Iqbal Masih was a Pakistani boy who fought against child labour until his death at the tender age of 12. When he was 4, he was sold by his parents to a carpet weaving company to work as a carpet weaver. In order to make sure he won’t escape, he and other children were kept tied to the chains. When Iqbal was 10, the supreme court of Pakistan declared child labour illegal and that gave the brave boy an opportunity to escape. His freedom didn’t last long though and he was caught by the police and handed back over to his employer. His second attempt was a successful one and Iqbal started studying while expressing a desire to become a lawyer to fight the evil of child labour. While returning from the USA from one of his campaigns, Iqbal was shot dead by a heroin addict who belonged to the Pakistani carpet mafia. He remains an icon for Pakistani kids who are still unable to free themselves from the evil of child labour.
Iqbal Masih was born in a small village on the outskirts of Lahore, Pakistan, in 1983. His father was a poor labourer and abandoned the family after he became father to another boy, which meant another mouth to feed. Iqbal’s mother Inayat, who worked as a housecleaner, bore the responsibility of taking care of all her children, doing odd jobs in houses in Lahore.
Baby Iqbal, unaware of what dire conditions his family suffered with, was taken care of by his sisters and played in a vast field outside his small house. However, his childhood bid its farewell to Iqbal at the age of 4, when he tasted ‘real life’ for the first time. In 1986, the family needed money for his older brother’s marriage celebration and borrowed Rs. 600 from a local carpet weaving business owner. In return, he took Iqbal as a bonded labour until the debt was recovered.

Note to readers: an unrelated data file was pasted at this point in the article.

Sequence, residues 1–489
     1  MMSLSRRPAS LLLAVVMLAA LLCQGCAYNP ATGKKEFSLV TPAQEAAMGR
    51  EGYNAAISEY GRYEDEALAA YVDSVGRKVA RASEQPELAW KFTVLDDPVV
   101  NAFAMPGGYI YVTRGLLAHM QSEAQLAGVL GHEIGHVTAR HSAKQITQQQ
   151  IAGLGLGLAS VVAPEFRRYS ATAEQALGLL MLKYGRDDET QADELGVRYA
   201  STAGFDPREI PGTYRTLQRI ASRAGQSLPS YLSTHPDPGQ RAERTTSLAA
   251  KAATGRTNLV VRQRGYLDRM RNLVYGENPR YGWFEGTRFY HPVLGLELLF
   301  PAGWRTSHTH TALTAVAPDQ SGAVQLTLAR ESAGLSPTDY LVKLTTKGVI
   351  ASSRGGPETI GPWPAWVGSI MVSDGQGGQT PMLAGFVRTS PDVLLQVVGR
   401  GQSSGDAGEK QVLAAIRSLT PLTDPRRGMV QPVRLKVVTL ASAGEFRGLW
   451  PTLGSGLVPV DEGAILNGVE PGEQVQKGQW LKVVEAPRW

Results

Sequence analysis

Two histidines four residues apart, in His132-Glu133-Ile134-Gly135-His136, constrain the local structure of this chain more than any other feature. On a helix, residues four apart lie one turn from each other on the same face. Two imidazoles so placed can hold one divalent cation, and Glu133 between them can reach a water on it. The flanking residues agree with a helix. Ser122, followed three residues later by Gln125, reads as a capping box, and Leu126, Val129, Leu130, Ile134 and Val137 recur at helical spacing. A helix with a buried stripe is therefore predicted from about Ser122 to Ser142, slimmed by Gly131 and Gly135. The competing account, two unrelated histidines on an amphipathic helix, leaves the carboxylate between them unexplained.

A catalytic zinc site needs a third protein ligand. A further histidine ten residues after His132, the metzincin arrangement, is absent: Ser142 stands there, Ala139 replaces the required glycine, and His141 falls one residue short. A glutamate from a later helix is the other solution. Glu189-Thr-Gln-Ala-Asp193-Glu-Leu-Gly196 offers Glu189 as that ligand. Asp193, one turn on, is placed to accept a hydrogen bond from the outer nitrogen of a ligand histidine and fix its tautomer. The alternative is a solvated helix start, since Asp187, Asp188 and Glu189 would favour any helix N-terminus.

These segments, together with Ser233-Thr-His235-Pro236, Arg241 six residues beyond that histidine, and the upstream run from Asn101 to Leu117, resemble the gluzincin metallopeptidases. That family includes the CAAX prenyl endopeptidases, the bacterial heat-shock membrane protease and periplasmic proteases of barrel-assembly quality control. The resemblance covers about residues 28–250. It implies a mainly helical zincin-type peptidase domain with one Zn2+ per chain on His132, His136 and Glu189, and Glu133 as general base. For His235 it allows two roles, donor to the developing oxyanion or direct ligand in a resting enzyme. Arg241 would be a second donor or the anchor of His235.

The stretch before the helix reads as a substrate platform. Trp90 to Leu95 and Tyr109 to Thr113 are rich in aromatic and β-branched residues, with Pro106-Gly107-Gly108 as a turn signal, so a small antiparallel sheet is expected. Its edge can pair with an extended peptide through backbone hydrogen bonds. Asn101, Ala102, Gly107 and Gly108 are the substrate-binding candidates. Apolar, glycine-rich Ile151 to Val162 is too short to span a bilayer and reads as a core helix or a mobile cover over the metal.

With no other option left, Iqbal started working and found out that several other children were working alongside him. He started working from early morning and worked till late evening. He worked 14 hours a day for 6 days a week and the pay was so low that he could not pay the money back to his ‘owner’. But somehow, without any ray of hope, he kept working and even when the Pakistani Supreme Court made child labour illegal, the corruption which prevailed at every corner in Pakistani politics and economy, kept the evil well fed.
At the age of 10, Iqbal managed to plan his first escape after getting tired of the atrocious way he was getting treated with. The children were beaten, starved, made to work in extreme heat, forced to work overtime with very low pay, barely enough to get them two square meals, even lesser than that sometimes. Iqbal’s bravery encouraged him to take the risk which he knew would cost him his life if he failed, but Iqbal took the bold step and planned an escape.
Iqbal took some other children with him and they all ran away, landing straight into a police station, only to land in the crib of poisonous corruption which was obvious through the way the police reacted. The uniformed corrupts handed Iqbal and other children over to his employer to get some money as a reward.
Iqbal’s punishment for escaping was extreme starvation and horrific beating sessions and time halted for the brave young boy as the suffering seemed unending.